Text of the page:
My parents did not subscribe to the school of thought that all older people became honorary Aunts and Uncles. That honorific was reserved for actual family members. So everyone was Mr or Mrs So-and-so.
Perhaps it is why I respond so poorly to people who shorten my name assuming a level of intimacy I cannot abide.
These tend to be telesales agents who start off with Mrs, move smoothly on to my first name and then proceed to shorten it into annoying little pet names.
Anyway, these days I am known as So-and-so’s Mum most of the time.
Question 5: How traveled are you and to what degree do you keep up with international news?
I am far more interested in international news than in local news. I read the local news sites more for entertainment than actual facts. I get a kick of Zombie Musician Rises from the Dead headlines.
Also my local news is just too depressing for words – murder, fraud, crime and government ineptitude.
I am far more likely to get a better bead on things at home from international news sources not concerned with political allies and the secrecy bill. It all sounds quite banal, but the world is a smaller place and the butterfly flapping its wings causes a much bigger hurricane than it ever did before.
Question 6: If you could share an opinion on a single international incident or topic that you either feel strongly about or that might not be known to the rest of the world what would it be? You have our attention.
I am most concerned with the erosion of civil liberties in the name of freedom and security.
I fear that we have placed enormous power in the hands of a few to determine our future, our freedom, our lives and in the case of the armed services, our deaths.
We’d like to believe our governments are answerable to us, but in truth they are not.
Question 7: What does the right to an opinion mean to you? Is it essential to freedom to have this right? How far would you go to protect that ability? The world is on fire with people of passion, how passionate are you about things you value?
It is not so much the right to an opinion as much as the right to the education, experiences and knowledge to allow one to confidently form, shape, mould and share that opinion that is important.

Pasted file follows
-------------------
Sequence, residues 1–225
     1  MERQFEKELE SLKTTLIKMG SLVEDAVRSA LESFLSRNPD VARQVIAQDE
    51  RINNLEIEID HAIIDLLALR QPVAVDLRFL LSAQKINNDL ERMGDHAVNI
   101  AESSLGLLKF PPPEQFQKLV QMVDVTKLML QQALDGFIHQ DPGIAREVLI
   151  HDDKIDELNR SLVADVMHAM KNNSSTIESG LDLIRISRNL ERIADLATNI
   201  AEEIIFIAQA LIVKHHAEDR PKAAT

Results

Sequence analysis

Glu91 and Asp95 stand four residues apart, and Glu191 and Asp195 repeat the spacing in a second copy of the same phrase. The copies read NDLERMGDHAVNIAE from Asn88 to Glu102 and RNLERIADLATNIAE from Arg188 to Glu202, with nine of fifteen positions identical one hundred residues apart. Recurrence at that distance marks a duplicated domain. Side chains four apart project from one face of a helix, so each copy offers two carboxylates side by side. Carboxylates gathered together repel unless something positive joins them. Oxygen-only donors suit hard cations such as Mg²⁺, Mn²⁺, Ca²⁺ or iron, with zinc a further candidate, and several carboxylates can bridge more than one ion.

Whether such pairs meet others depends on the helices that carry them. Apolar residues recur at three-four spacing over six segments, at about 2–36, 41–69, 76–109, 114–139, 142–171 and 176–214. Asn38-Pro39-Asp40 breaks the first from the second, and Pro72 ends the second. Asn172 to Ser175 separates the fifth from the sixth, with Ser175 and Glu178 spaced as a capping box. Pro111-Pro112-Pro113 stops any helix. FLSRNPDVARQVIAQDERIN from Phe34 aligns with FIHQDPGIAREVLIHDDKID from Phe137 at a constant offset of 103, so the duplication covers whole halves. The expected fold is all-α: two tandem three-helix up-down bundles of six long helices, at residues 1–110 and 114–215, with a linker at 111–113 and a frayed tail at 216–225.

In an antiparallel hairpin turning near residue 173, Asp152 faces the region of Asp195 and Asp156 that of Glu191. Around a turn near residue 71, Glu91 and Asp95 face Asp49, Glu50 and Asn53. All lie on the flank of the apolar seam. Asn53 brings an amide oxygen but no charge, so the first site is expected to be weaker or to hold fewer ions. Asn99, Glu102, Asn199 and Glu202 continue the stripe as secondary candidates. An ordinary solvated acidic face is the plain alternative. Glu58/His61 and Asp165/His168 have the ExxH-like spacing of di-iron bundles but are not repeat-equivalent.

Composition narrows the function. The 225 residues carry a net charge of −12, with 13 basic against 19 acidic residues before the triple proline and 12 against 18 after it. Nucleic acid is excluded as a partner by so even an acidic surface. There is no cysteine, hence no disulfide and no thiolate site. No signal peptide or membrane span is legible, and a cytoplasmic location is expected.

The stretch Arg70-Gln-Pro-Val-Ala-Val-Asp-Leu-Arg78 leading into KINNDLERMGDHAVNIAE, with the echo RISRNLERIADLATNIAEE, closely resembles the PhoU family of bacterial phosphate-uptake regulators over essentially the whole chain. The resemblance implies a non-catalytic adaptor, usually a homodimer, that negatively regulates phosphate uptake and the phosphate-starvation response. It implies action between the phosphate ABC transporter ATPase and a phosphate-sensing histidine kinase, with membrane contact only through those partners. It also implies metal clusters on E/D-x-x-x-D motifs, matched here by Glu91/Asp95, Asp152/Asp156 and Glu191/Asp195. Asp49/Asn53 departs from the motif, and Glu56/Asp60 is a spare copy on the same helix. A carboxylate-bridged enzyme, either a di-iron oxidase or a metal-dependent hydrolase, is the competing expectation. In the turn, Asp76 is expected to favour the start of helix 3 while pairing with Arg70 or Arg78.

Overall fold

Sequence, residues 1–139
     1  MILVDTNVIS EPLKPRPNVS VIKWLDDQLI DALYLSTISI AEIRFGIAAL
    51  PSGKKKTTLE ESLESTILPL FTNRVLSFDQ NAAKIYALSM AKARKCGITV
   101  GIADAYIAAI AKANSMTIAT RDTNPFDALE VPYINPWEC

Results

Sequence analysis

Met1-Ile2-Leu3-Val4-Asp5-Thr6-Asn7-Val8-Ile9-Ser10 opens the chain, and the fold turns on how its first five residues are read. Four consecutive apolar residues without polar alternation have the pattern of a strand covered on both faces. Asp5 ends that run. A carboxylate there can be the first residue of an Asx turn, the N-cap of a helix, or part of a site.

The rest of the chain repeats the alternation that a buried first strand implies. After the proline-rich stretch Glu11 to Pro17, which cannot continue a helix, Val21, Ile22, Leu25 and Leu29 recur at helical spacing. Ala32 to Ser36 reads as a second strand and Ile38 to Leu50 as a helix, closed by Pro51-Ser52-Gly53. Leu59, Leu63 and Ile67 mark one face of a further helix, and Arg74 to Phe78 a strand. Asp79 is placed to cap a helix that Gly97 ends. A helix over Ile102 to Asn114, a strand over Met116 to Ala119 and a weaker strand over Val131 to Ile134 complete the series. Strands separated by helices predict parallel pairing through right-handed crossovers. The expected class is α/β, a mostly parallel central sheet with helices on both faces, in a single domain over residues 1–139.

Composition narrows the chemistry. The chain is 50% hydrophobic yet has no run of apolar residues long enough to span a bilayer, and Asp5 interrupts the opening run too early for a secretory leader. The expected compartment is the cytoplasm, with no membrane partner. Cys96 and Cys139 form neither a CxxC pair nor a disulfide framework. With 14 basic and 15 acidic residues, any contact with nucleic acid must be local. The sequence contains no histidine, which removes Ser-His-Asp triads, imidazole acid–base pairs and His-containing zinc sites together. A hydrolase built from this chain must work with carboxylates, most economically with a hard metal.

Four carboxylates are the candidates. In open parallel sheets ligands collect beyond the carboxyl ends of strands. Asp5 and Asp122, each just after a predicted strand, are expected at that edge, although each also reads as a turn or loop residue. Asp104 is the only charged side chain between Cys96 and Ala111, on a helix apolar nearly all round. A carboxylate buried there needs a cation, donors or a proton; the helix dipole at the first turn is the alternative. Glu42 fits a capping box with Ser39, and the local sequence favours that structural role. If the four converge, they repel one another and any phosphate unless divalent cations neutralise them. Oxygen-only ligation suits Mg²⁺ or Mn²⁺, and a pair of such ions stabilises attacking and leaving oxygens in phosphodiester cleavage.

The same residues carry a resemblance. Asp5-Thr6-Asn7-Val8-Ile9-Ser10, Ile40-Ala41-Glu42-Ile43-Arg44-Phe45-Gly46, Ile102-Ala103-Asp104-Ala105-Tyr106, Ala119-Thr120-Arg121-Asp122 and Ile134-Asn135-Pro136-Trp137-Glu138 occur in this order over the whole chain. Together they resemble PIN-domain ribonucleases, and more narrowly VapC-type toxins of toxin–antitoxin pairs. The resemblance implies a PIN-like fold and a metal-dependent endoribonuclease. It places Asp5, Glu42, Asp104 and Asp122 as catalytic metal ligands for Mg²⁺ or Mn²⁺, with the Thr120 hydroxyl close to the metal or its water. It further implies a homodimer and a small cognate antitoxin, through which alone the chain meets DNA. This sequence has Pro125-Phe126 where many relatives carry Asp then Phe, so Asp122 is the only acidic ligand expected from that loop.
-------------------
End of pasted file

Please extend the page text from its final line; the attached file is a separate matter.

I was once a passionate advocate of just about any cause you could name. It was exhausting. These days I look a little closer to home. It is affects my family, my children, my home, I will pour my passion into it.
I can’t change my little corner of the world by having an opinion.
I can change it by sharing my opinion. I can change it by taking action. I can change it by making sure I listen and understand other people’s opinions. And with the knowledge that they may differ and are still no less worthy of my respect.
Question 8: Is it ever right for you to be allowed an opinion while someone else is denied that same right on the same topic?
I am not sure anyone is ever denied the right to an opinion, just perhaps the means to voice it. No-one allows me to have an opinion, but they may try to stop me from sharing it.
Question 9: The last question. upon completing this template and hopefully contemplating the issue what does this project mean to you? How can Project O potentially enlighten or help the world?
Individuals have power. Words have power. Actions have power.
When so many people live in environments where due to poverty, government, religion or age they are disempowered, who are we to turn our heads and say “It’s not my problem”.
Whose problem is it if not yours?
You can look at the tiny shrouds over the children gassed in Syria and hope that it will never happen where you live.
But hope is not a strategy.
Look for answers.
Save one starfish.